Check the operation of the saw before you use it – Make sure all the moving piece of the saw move freely. Make sure the blade can easily raise and lower. Make sure the fence moves easily. Make sure the anti-kickback claws are in place and working. Make sure your insert is in and secured properly. Know your equipment and check it prior to use!
Never start the saw while the material you’re cutting is touching the blade. Bad things happen when you don’t follow this rule.
Always use the rip fence when making “rip” cuts. This keeps your material straight and doesn’t allow it to wander on the table, potentially causing kick back from the blade.
Always use the miter gauge, not the rip fence, for crosscuts (the rip fence doesn’t offer adequate support). Again, this is to prevent bad feedback or kickback from the work piece.
Keep material completely flat against the table during the cut.
Cutting blade height – I usually keep my blade about 1/4 of an inch higher than the material that i am cutting. I do this so i can visibly see the action of the blade and it helps to ease chip removal for the blade as well as reduces blade friction.
Have and use push sticks – A lot of artists sacrifice for their work – but this usually doesn’t mean their fingers. Push sticks are devices that are either made, or purchased (some sometimes come with the purchase of a new saw) that are used to feed material through the blade of the table saw:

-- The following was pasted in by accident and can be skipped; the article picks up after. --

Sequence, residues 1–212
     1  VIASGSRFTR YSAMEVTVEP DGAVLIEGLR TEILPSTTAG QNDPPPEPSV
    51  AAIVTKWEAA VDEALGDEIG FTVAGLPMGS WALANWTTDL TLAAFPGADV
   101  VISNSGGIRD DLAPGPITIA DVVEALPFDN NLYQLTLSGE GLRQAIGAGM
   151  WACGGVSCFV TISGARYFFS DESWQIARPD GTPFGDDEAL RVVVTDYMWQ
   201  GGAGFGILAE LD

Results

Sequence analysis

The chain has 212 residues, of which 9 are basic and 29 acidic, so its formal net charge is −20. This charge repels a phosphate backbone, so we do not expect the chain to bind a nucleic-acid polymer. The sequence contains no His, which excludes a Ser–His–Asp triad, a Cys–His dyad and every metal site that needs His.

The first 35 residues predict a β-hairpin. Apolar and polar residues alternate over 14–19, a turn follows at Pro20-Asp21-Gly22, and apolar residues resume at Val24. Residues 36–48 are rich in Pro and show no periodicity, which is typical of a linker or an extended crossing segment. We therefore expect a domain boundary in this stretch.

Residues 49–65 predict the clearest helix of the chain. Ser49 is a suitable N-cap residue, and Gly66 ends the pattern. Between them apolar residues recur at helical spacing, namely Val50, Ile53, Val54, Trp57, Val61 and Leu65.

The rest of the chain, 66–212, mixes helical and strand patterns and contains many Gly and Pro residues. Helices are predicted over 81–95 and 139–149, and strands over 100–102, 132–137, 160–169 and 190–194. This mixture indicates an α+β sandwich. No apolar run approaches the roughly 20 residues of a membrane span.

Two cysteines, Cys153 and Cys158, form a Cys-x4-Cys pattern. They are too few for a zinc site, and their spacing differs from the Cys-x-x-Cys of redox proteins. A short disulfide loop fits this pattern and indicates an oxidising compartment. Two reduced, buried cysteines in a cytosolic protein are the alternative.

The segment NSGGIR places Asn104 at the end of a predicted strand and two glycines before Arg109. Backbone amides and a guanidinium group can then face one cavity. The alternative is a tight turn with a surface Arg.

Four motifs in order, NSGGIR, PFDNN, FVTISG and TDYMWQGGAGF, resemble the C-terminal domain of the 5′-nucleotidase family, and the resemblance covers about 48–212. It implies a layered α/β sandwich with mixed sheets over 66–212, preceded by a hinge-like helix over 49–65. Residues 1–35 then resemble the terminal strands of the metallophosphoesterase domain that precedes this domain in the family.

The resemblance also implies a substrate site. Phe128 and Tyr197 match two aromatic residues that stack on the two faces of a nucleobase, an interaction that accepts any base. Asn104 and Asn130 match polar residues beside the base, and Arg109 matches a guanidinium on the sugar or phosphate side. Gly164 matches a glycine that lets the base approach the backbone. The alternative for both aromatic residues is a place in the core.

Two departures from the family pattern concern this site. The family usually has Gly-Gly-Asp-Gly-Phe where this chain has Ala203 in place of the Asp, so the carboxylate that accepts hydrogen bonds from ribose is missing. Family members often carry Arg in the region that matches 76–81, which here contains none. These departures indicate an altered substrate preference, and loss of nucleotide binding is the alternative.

Using various jigs, clamps, and stops, woodworkers can make a variety of different types of special cuts like dado cuts, compound angles, and rabbet joints. Even though woodworkers can make these types of cuts on their table saws, woodworkers most commonly use the saw to make two basic cuts:
Ripping, the most common use of a table saw, involves cutting material to a specific width.
Crosscutting applies to cutting material to a specific length.
Below, I have provided links to two YouTube videos that provide step-by-step directions for using a table saw to make each of these common cuts.
Some items to note:
When making your cuts, be sure to pass the work piece all the way through the saw blade. if the wast material is large enough to move out of the way by hand, do so carefully, otherwise, wait to remove it until after you have shut off your saw.
For larger pieces, use an out-feed table. An out-feed table is an empty table top exactly the same height as your table saw. it it placed on the opposite side of the saw away from the operator, in the direction the cut pieces of material are going.
Ripping larger pieces can be tricky due to pieces being longer than the table saw itself. often times this temps the operator to reach over the spinning blade to catch the material before it falls. THIS IS BAD AND UNSAFE.
In order to cut longer or larger pieces safely, you must support the end of the board as it comes off the back of the saw.
This is where an out-feed table comes in. These can be purchased in stores and online, along with out feed rollers and other devices to support this “out-feed” lumber. from my perspective, a better solution is to build a small table that’s the same height as your table saw. Or if room permits, build a permanent out-feed platform. Just make sure to support the lumber behind the saw so you’re not tempted to reach over the blade to catch it.
Hopefully this has provided you a good start to using your table saw safely. Just remember to always be purposeful and aware when using your tools.